Carter, who concluded a record-breaking career at Embry-Riddle Aeronautical University in March, signed with an agent and attended three professional evaluation camps with the hope of inking a contract with a team this summer or fall.
“I just want to go somewhere where they want me and I can put the ball in the basket like I did at Embry-Riddle,” said the 6-foot-1, 220-pound point guard from Big Cypress after he returned to his residence in Daytona Beach following three days in Las Vegas for the camps. “A good start for me would be somewhere in South America. If I play well and produce, I’d get to go across the ocean.”
Crossing the Atlantic to play in a European league would mean better competition and more salary compared to South America, but Carter said he’s not picky where his pro career starts. He also received an invitation from the National Basketball League of Canada to attend a combine in August and said playing north of the border is among his options.
In Las Vegas, Carter, who is Embry-Riddle’s all-time leader in assists and steals and in the top five in blocks and points, vied with pro players and other former college players trying to impress scouts and agents.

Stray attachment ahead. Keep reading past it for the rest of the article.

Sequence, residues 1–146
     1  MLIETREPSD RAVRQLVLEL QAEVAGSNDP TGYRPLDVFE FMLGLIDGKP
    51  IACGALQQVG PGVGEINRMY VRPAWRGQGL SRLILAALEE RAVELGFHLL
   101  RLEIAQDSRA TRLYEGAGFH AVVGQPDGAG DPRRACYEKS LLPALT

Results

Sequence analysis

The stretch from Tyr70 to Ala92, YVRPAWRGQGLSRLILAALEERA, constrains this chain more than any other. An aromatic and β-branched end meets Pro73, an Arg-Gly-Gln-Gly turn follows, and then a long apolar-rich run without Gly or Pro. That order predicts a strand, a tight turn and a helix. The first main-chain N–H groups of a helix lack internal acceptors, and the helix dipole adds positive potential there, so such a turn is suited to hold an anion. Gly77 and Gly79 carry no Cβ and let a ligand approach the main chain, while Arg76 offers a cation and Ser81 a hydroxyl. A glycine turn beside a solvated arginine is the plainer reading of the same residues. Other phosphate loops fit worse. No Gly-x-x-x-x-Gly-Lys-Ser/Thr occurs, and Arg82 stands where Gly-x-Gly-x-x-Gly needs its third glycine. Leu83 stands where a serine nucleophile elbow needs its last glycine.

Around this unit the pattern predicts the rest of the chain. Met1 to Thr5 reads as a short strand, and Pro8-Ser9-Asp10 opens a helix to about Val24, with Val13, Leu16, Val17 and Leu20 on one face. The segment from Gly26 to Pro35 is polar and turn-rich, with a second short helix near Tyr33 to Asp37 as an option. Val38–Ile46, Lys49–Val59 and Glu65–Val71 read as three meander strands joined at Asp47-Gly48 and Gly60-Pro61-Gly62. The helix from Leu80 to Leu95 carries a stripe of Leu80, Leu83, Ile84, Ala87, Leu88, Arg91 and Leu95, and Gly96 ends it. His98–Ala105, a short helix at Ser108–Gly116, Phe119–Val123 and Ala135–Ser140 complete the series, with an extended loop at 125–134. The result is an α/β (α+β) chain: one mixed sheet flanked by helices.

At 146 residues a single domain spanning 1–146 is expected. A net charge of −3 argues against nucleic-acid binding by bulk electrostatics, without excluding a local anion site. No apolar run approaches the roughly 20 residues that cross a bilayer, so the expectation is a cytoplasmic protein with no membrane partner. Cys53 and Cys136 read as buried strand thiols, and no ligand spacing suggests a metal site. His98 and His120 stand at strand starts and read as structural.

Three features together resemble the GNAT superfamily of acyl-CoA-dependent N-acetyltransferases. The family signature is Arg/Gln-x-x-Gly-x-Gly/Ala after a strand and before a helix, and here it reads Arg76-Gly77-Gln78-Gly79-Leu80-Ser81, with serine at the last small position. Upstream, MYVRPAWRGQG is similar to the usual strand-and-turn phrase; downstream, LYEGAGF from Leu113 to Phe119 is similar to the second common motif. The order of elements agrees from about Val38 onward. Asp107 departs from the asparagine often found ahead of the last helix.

“I was excited and scared at the same time, but once the ball started bouncing it felt like another game,” Carter said. “It was a good mixture of pros trying to go back overseas and college guys coming out.”
Carter played in one or two games each day and attended seminars that offered advice on life as an international pro basketball player.
“Mostly we listened to a guy who told us about his experience playing overseas and how to manage your time going into a new environment,” Carter said. “It was good.”
A few weeks before the camps, Carter signed with agent Nathan Kingery from Kingery Sports Group (KSG) in San Diego. The agency also signed Carter’s former Embry-Riddle teammate Cesar Pastrana. KSG lists its clients from a mixture of previous college experience, ranging from NAIA to NCAA, including Arkansas, Auburn and Tennessee.
KSG clients have signed with teams in Argentina, England, Germany, Spain and others.
No matter where Carter ends up, he doesn’t want to put aside his pursuit of a diploma. He is seven classes shy of earning a degree from Embry-Riddle and plans to take classes online if necessary.
“I can continue my education. I don’t want to stop. I want to make both work,” he said.
If he does go to another country, Carter said it would be a good experience to represent the Tribe.
“I want to be a symbol for the Tribe in an international setting,” he said.